Hickman central venous catheters in children: open versus percutaneous technique

Osama A Bawazir, Tariq I Altokhais
Annals of Vascular Surgery 2020 May 16

BACKGROUND: The ideal technique for insertion of tunneled central venous catheters (CVCs) in children is still debatable. This study aimed to compare the outcomes of open versus percutaneous technique for the insertion of tunneled CVCs.

METHODS: The study included 279 patients who had CVCs insertions from 2010 to 2020. Patients were divided into two groups according to the technique of insertion; group 1 (n= 90) included patients who had the open cut-down method, and group 2 (n= 189) included patients who had the percutaneous technique.

RESULTS: There was no difference in age and gender distribution between groups (p= 0.152 and 0.102, respectively). Chemotherapy was the most common indication of insertion (77 (85.56%) vs. 165 (87.30%); in group 1 vs. 2, p= 0.688). The left external jugular was the most common site of insertion in group 1 (n= 66; 73.33%), and the left subclavian was the most common site in group 2 (n= 77; 40.74%). Complications of insertion were non-significantly higher in group 2 (p= 0.170). Nine patients in group 2 required conversion to cut-down technique (4.76%). Complications during removal were non-significantly higher in group 2 (p= 0.182) and the most common was bleeding (n= 4; 2.12%). The most common indication for catheter removal was the completion of the treatment (36 (40%) vs. 85 (44.97%) in groups 1 and 2; respectively).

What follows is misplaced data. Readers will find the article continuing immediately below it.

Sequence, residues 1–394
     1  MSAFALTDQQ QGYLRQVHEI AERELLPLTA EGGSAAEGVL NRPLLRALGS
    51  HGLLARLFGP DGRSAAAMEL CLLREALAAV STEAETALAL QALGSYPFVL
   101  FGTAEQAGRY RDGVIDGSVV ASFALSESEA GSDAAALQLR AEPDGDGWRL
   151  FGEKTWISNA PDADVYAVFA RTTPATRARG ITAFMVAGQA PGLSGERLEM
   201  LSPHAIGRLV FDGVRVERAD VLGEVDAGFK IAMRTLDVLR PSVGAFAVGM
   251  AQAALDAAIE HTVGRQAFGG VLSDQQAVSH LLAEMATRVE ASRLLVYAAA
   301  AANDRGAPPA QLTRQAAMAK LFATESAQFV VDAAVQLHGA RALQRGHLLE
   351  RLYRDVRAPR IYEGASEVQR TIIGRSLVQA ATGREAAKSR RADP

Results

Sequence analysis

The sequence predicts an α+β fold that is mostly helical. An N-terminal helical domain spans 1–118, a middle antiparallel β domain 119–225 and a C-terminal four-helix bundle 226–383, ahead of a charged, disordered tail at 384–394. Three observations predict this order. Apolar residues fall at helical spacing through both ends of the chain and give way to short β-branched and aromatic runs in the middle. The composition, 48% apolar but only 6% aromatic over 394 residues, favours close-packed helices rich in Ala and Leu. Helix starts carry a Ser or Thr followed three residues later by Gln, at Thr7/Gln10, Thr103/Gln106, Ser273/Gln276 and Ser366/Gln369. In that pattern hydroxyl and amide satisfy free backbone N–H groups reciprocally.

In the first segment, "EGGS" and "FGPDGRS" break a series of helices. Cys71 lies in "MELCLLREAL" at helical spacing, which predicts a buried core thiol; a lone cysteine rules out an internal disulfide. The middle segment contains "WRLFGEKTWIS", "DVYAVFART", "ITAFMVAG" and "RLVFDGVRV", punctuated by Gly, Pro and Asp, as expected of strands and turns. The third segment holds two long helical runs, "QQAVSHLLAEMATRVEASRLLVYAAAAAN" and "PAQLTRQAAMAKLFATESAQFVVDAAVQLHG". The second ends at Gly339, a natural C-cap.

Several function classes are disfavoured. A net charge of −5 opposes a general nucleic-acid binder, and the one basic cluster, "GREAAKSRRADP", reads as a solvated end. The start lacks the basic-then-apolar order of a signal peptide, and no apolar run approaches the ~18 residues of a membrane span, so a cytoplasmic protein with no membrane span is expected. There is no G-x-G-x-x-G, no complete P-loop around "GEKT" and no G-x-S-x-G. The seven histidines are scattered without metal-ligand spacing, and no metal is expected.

CONCLUSION: Percutaneous and open tunneled central venous catheter insertion are safe in pediatric patients who require long-term venous access. Both techniques have a low complication rate. The choice of each method should be tailored to the condition of each patient.

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